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Women Can’t Have It All, Even at the Movies

"Like a Boss" inadvertently lays bare some unfunny truths about hashtag-empowerment.

Courtesy of Paramount Pictures

It’s absolutely clear quite early on—in its second minute or so—that Like a Boss is a bad film, the sort without the decency even to be truly awful. It’s just a slipshod contraption of gags (not jokes, you understand) held together by the audience’s will to be entertained. We pay in hopes it will make us laugh. By the end I did, aloud, like the sort of mildly deranged person I always encounter at matinees in New York City. I hope I didn’t disturb the other two people in the theater.

Like a Boss is nominally the story of longtime friends Mel (Rose Byrne) and Mia (Tiffany Haddish), who run a small beauty company and tangle with a cosmetics mogul, Claire Luna (Salma Hayek). Big Hollywood entertainments tend to have simple messages—in this case: Friendship is great! As one character notes early, so you don’t miss the point, Mia and Mel aren’t just pals or co-workers, they’re “life partners,” besties since middle school. The film declines the opportunity to deal with lesbian subtext (not even a gag!). There are dudes they can (and do) enjoy a romp with, but for Mia and Mel, sex is irrelevant to the fantasy of true intimacy.

It’s a potent idea. The real reason Sex and the City endures as a classic is not its depiction of sexual mores (weirdly outdated, perhaps always more conservative than was thought) but the way it conjured lives structured around friendship instead of romance or family. But Like a Boss doesn’t take this or any other subject seriously. Rather, it is an unwitting document of the current moment and women’s convoluted relationship to work.

Mia and Mel are struggling, having branched out from internet retail to a real storefront. Still, they are fulfilled, helping nerdy teens primp for the big dance and making a happy workplace for their two employees, Barrett (Billy Porter) and Sydney (Jennifer Coolidge). But Claire has her eye on them and offers to infuse the business with cash. If one of the partners departs, she’ll become the majority owner.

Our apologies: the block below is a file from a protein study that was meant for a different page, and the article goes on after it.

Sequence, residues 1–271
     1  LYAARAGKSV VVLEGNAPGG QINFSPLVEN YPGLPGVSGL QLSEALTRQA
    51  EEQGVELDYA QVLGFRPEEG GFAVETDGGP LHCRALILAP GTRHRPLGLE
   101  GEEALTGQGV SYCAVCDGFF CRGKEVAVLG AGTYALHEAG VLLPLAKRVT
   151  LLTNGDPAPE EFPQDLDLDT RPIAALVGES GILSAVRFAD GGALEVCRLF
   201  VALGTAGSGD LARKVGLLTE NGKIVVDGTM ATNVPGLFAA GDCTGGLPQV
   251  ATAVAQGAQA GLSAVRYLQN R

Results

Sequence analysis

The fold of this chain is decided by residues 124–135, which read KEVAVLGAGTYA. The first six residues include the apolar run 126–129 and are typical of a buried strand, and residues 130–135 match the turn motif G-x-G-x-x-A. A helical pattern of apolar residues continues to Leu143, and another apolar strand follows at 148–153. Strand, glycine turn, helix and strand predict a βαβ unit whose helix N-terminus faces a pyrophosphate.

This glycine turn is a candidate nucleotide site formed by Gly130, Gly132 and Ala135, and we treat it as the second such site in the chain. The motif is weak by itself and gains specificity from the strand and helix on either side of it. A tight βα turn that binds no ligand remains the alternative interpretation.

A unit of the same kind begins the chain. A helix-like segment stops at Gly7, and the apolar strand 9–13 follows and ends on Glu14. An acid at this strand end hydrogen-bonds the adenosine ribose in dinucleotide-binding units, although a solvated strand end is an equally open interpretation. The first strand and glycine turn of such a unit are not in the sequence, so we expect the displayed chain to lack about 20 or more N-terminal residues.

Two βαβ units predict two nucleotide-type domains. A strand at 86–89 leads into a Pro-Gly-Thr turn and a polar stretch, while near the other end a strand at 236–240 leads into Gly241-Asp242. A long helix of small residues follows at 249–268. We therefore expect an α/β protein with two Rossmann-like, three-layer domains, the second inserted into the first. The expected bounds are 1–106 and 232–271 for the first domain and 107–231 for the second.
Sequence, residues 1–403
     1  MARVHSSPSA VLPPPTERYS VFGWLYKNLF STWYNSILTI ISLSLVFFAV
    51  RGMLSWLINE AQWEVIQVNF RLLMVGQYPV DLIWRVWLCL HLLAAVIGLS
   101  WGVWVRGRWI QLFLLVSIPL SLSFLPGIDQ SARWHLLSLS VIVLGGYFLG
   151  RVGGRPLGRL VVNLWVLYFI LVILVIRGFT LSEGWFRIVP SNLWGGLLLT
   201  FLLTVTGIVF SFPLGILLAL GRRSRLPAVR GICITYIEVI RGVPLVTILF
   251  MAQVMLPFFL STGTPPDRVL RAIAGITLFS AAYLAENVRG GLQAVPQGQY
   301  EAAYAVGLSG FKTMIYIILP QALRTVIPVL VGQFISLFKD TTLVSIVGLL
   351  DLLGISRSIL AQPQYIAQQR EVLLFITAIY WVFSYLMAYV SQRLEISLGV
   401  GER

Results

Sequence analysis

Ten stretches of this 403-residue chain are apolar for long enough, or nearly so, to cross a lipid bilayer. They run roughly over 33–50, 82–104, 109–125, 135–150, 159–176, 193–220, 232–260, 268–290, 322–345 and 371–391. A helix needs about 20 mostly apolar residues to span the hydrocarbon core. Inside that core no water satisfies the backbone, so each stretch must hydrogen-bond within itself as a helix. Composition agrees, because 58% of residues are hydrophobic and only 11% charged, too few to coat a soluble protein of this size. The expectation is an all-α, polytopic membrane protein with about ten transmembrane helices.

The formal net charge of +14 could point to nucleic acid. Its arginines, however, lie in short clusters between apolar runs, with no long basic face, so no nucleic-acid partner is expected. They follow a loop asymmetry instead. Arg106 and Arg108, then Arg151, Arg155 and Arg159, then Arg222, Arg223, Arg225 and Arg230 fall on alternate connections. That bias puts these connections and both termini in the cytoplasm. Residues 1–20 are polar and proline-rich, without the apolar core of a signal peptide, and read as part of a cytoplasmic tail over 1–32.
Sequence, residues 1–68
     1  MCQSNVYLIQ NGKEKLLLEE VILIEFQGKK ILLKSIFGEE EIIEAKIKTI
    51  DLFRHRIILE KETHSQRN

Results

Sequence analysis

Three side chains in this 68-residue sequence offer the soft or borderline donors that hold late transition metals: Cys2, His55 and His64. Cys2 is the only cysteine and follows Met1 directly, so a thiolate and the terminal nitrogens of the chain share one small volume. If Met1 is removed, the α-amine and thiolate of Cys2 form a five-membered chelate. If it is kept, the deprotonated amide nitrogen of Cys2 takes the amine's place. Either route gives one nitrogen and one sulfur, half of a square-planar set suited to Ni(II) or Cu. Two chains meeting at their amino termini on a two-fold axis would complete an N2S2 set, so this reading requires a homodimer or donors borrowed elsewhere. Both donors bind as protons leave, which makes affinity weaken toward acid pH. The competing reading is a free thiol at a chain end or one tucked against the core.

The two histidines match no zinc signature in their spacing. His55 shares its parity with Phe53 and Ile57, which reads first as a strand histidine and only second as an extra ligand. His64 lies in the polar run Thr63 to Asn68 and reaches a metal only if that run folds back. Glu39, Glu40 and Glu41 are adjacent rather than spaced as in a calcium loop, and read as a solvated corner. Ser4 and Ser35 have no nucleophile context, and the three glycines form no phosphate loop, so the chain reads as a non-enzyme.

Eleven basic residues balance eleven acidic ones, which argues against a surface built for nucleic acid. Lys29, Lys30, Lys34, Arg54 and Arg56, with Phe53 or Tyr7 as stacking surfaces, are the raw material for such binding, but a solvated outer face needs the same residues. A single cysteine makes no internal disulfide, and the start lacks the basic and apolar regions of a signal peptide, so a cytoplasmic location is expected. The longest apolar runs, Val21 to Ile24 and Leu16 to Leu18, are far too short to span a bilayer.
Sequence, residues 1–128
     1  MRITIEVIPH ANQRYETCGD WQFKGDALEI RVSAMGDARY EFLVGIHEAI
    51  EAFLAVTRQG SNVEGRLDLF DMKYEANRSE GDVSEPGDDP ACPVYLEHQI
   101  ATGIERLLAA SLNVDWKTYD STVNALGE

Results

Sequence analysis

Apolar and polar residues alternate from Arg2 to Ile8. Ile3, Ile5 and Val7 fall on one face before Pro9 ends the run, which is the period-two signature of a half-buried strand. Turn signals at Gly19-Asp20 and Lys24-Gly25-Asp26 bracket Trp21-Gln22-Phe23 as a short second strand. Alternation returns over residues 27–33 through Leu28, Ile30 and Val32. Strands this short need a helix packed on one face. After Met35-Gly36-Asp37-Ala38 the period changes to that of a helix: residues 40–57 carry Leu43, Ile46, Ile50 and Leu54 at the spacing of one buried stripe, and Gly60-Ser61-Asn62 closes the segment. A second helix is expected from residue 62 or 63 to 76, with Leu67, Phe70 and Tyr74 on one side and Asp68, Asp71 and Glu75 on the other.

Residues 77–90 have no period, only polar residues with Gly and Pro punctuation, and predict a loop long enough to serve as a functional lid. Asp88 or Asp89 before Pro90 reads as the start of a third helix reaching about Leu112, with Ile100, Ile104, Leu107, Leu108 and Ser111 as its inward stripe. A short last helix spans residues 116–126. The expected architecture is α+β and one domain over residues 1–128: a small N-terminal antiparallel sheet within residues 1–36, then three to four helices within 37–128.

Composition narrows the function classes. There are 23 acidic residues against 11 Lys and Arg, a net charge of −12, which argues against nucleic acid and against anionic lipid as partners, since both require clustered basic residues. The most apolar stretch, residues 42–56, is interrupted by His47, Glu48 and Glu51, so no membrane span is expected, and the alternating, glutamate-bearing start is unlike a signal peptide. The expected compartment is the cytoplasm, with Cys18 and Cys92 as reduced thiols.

There’s no real story, just vignettes, opportunities for the actors to vamp, or sing, or dive into a pool fully clothed, all bits that feel culled from a dozen more cohesive movies. Claire means, of course, to drive a wedge between the partners—to ruin their friendship and subsume their brand into her empire. What we’re supposed to be watching is that break in their bond, but the film only lazily attends to it. It is a collage of non sequitur, disinterested in any kind of logic.

Why is women-in-business a cinematic subgenre at all? I love many such films even if they all rely, in some fashion, on us finding women at work inherently absurd. They posit women as sex object or secretary on one end of the spectrum or frigid successful bitch on the other. If they’re the former, as in 9 to 5 or Working Girl, they need to outsmart the system and seize power for themselves. If they’re the latter, like Diane Keaton’s corporate killer in Baby Boom, they need to learn conventional femininity—in that film, by inheriting custody of a distant relative’s baby and finding love (and success, as the maker of organic baby food, no less).

The culture has evolved in the decades since Dolly Parton, Lily Tomlin, and Jane Fonda avenged the nefarious sexism of the then-contemporary office. In Like a Boss, success matters but so does authenticity. Sisterhood, in this instance, is the opposite of selling out. Claire once had a best friend business partner herself; she ditched her and climbed to the top, and urges Mel to do the same to Mia.

It’s telling that the stakes for these #girlboss entrepreneurs are so low. Mia and Mel don’t want to get rich—they want to get out of debt. Capital is the lifeblood of business, but money is curiously rarely mentioned in this movie or in any of the aforementioned women-in-business comedies. In Working Girl, Tess wants to prove herself more than she wants to get rich. The film’s triumphant final scene doesn’t show her at the top but one rung higher on the endless corporate ladder.

I’ll tell you how Like a Boss ends (it won’t interfere with your ability to enjoy it when you watch it in-flight someday): Mia and Mel do a literal song and dance to “Proud Mary.” They have a new product line, called Proud, that celebrates the natural beauty you cherish in your friends. It’s about positivity and the beautiful notion that it’s not the male gaze that determines a woman’s worth. Even if it doesn’t make them rich, it makes them happy.

Haddish can be very funny; even the sound of her voice is hilarious, as the writers clearly know, because they give her a lot of nonsense to say, and most of it will at least make you grin. The one time I laughed out loud is when Mia, furious with Claire’s scheming, picks up the golf club she always carries (don’t ask; it doesn’t matter) and smashes the glass wall of a conference room. It’s hilarious, and maybe I’m overthinking, but even bad art can tell us something about ourselves. At this point, we understand how business works. Why aim for the glass ceiling at all?